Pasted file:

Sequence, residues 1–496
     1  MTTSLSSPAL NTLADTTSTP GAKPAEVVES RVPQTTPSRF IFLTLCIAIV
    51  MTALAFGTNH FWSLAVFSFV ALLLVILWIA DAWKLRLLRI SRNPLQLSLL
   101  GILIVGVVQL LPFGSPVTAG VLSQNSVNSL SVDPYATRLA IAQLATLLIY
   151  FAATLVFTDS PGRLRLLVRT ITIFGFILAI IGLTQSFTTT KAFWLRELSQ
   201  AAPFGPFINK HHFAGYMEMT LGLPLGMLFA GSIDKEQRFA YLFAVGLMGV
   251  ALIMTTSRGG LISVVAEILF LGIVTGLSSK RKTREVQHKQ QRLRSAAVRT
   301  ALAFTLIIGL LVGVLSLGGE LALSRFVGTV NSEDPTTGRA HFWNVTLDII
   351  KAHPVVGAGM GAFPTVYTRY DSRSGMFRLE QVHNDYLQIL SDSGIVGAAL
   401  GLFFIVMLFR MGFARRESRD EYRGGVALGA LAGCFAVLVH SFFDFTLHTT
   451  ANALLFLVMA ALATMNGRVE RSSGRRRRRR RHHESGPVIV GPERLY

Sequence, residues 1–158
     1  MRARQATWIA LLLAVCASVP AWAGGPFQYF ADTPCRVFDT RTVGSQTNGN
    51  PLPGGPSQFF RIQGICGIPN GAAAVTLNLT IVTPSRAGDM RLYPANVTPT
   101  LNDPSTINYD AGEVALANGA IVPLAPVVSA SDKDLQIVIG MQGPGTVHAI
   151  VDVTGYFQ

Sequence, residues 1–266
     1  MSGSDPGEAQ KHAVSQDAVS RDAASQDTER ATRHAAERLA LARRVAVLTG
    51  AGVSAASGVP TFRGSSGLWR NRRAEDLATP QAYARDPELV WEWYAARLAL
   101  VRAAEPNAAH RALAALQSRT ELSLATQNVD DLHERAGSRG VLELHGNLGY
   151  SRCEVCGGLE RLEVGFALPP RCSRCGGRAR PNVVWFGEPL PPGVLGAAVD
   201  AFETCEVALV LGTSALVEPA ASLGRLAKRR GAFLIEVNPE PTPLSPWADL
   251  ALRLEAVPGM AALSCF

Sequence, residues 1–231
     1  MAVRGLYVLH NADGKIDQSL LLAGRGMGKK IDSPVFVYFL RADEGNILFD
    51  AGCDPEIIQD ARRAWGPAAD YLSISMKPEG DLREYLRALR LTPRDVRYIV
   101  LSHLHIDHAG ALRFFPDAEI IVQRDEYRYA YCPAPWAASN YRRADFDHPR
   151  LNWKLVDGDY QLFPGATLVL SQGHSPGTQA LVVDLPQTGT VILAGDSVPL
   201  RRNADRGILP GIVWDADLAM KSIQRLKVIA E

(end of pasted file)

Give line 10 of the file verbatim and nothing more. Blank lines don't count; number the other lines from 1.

   401  GLFFIVMLFR MGFARRESRD EYRGGVALGA LAGCFAVLVH SFFDFTLHTT